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Old 04-08-2009, 08:42 AM   #1
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Best way to partiton linux (ubuntu)

Hi Folks

I have brand spanking new 250gb hard drive for my latop that I'm going to use for linux(ubuntu) only .

I was thinking of partitioning the hard drive like this

swap : 512
/ : 15gb
/home : the rest

Anybody got any other recommendations or alternatives.
Old 04-08-2009, 08:54 AM   #2
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well you'll want a seperate /boot at about 50mb, and i'd make swap at least 2gb for fun. other than that that will work just fine.
Old 04-08-2009, 08:55 AM   #3
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You could also give some space to boot just in case? Maybe a gig or two but you would not need so much of space there.
Old 04-08-2009, 09:00 AM   #4
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You can also plan to use LVM, with a separate partition for /boot
Old 04-08-2009, 09:13 AM   #5
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Actually, could have anything from just 1 partition (just /) or 4-5 (e.g. /boot, /, /home, /var, swap).

The general advice on swap has been about 1.5x size of memory. However many have been arguing that when you approach 3-4 Gb of RAM you don't actually need any swap. This is on the bases any swap is unlikely to be used, but it does depend on how you use the machine.

On a laptop where you don't plan to try out lots of different OSs or boot lots of different Linux kernels, the benefit of having a /boot partition is also limited. So on a general purpose, personal laptop with 1 or 2 Gb of RAM I would have limited myself to swap and /. You'll just waste space by splitting it further.

Old 04-08-2009, 09:49 AM   #6
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An old man's advice:

Someday you will grow inquisitive over some distros and you may want to install them for a try in your nice laptop. Or that you will come to need badly a software that only runs over an xp like the nokia pc suite, and you may want a little space for that lame duck from the primary slices since it doesn't install anywhere else.

If I had your nice hard drive I will spare two more primary partitions of 6 GBs each aside from the first partition. The rest you can slice them into logical partitions as many as you can to house your /home /usr and data.

So it looks like this:
1st partition -type Primary 6 Gbs
2nd partition -type Primary 6 Gbs
3rd partition -type Primary 6 Gbs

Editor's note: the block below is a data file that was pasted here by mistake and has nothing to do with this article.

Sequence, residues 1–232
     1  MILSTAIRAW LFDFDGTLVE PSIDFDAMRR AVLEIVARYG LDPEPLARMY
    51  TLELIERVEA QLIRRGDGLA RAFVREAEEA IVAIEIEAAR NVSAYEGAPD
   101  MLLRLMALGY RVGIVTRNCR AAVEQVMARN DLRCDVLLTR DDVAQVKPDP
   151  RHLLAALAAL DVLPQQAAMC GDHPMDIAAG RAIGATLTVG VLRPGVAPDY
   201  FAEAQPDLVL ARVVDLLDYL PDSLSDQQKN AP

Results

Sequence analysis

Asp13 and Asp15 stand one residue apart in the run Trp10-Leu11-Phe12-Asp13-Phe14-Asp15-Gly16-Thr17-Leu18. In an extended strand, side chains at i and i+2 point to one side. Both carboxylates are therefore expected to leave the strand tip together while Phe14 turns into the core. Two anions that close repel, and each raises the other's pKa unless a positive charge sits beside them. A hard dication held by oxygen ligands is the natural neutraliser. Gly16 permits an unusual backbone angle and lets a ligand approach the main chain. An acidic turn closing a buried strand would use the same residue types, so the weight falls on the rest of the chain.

4th partition -containing logical drives 232 Gbs all

LONG TERM PLAN is necessary in partitioning fresh drives because when time comes you need primary or logical spaces adding new ones will sometimes require moving up and down existing data: you can only imagine what patience you'll need moving 50Gb of data to another span of sectors. Anyway if meantime the other two primary partitions are not yet needed you can use them for some important ubuntu folders like /boot /etc and /usr.

Also allocate two or three separate swap partitions at sizes you want somewhere the beginning sectors of 4th partitions that they be nearer to the primary partitions, just in case someday you'd want to run Slackware or RHL or other distros in your beautiful laptop (although linuxes are really good to install even at the tip of logical drive.)

This is just an old man's advice. I can only show you the door, but you're the one who'll walk through it.

Hope this helps.

Good luck.
Old 04-08-2009, 09:53 AM   #7
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Sorry double posted.

Last edited by malekmustaq; 04-08-2009 at 10:01 AM. Reason: clicked twice by a shaking finger :)
Old 04-08-2009, 02:24 PM   #8
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You may also want to think about what partitioning can do for your security:

Add a separate /tmp partition, and mount it with noexec, nosuid, nodev options set (don't allow files to be executed, ignore suid and don't treat files as device files).

Mount /home nosuid, nodev

These steps will make it more difficult for an attacker to get a file onto your machine, execute it then escalate privileges.

Old 04-08-2009, 03:26 PM   #9
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/ root 10Gb
swap 1Gb
20Gb home

and the rest as to what you want, may be keep some for trying out some other Disco's.


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